I’m sitting in the silence of the post-bedtime hurricane, surveying the damage of the living room and feeling the tug towards a screen, but choosing often to forgo another episode of such and such, to plug in the phone for the night and walk away.
I can’t say that those nights are particularly exciting, or even productive, but there is a peaceful stillness to the way a brain naturally shuts down, maybe after a bath or a half hour with a book or a newspaper. Or maybe just in quiet, companionable silence mingled with conversation with my husband.
I don’t want to miss my life because I’m trying to escape from it. I want to lean into the hard, boring, painful parts and find out what He has for me there. Or I want to curl into a ball and cry out to Him that I can’t handle the pain, that I need Him to fix it, to answer me.
But I don’t want to be distracted from it. That’s not good enough any more.
Entertained sometimes? Sure. I still want that. But I want to be the one to make that call.
I don’t want my default setting to be “numb, zoned, consumed, detached.” I’m too aware of the sharp pains and pleasures now of real life, and that every minute I spend disconnected from it is a gradual atrophy of the muscles I need in order to stay in the present when the going gets tough. Motherhood is hard enough when I’m not handicapping myself by training my attention span back down to that of my very sanguine 6-year-old’s. Distraction is a poor master but a good occasional servant. I don’t need to constantly employ it in the checkout line or the car. Or when I’m in pain and tempted to turn away from real life.
It’s not cut and dry, and I’m not disavowing technology or digital engagement. But there is peace and clarity in pulling back, in assessing and evaluating and making conscious and intentional decisions about how this short time on earth is spent, and what it is spent on.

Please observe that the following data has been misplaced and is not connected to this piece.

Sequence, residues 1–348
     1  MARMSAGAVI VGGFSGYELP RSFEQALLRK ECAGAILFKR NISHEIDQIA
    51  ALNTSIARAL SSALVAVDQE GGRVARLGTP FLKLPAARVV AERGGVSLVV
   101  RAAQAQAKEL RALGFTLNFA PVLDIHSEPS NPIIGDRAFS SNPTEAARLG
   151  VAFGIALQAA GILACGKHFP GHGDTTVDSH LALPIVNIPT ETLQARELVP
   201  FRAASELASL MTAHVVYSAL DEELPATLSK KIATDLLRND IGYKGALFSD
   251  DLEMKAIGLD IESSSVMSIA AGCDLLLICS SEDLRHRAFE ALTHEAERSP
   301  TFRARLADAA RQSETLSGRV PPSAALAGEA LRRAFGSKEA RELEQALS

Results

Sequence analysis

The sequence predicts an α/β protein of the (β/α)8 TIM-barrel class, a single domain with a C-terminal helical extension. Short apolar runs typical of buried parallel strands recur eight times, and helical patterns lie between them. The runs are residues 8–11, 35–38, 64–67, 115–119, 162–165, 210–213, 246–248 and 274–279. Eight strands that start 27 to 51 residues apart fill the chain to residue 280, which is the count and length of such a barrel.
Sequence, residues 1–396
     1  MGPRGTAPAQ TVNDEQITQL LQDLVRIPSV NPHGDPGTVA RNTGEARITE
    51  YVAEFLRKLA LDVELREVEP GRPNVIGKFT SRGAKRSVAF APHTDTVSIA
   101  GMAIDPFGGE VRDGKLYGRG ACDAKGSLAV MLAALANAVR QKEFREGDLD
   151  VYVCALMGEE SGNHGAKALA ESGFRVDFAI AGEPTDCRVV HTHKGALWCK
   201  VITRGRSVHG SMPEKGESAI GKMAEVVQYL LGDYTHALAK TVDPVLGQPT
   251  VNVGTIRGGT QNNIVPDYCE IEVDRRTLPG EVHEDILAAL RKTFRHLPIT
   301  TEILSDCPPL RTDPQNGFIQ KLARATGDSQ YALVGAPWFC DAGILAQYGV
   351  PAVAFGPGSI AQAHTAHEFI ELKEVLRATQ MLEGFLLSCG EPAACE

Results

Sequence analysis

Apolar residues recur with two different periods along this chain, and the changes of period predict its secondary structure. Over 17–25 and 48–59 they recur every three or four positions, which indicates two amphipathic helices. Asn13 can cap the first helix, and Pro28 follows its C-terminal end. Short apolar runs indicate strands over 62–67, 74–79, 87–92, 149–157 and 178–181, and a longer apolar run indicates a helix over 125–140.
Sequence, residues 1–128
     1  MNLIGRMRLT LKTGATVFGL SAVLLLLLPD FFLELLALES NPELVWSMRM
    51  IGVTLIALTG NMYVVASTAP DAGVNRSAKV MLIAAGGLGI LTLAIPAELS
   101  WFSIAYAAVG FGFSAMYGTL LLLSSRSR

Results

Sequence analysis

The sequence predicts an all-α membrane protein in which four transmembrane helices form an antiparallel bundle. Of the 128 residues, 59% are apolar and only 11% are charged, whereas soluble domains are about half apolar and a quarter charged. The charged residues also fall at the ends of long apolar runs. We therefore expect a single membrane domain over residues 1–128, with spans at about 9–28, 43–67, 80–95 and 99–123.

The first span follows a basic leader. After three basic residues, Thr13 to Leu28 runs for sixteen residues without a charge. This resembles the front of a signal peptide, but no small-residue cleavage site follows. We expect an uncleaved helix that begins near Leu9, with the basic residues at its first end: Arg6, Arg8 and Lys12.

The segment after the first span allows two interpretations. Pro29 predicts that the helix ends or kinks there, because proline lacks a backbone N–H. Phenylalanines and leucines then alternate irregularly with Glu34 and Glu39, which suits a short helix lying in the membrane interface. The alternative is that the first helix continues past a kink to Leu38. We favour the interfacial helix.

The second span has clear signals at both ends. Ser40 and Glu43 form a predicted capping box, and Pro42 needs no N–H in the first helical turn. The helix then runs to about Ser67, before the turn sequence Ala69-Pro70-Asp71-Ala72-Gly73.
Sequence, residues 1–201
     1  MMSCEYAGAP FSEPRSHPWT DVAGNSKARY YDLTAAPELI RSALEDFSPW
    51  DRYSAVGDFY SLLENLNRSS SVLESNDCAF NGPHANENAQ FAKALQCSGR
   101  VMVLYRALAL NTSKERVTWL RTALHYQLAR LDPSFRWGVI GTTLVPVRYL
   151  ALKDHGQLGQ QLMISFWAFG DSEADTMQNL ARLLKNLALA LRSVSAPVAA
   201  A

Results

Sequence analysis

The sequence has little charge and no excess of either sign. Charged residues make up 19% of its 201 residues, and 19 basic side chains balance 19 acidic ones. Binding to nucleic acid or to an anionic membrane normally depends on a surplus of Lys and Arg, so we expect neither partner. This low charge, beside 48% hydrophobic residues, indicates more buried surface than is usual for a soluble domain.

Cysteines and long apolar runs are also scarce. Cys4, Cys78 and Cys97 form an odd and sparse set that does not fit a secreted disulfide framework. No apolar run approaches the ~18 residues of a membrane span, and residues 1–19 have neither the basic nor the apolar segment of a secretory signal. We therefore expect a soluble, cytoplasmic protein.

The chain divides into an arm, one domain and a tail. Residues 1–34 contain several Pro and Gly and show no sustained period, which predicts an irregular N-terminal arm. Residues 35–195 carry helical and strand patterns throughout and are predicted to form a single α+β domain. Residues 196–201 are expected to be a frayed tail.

Sometimes I’ve joked in the past that I’m going to have to answer to God one day for every hour spent on Facebook. And while it was said tongue in cheek, that’s actually a terrifying prospect. Not that I used social media, per se, but how much time was spent there, and doing what.
The tools are neutral. Our actions with them are not. I don’t want to get busted having buried the talent.
Not because of any servile fear of God, but because what a waste. I wonder, when I think about Mother Teresa’s now-famed schedule, would she have found time to build a platform and grow a brand and get the MCs online, even if it would have been great for their fundraising efforts?
And I do sincerely wonder this. We have few saints to pattern our behavior after in this new digital frontier. I have a hunch that she’d probably err on the side of social media minimalism, just because she had such insight into matters of the heart. She’s a good saint, I think, to petition for prayers in this landscape of human loneliness and discontent. I think she would be happy to become a sort of patroness against isolation and loneliness. I think she’d like that a lot.
Distraction is a poor master…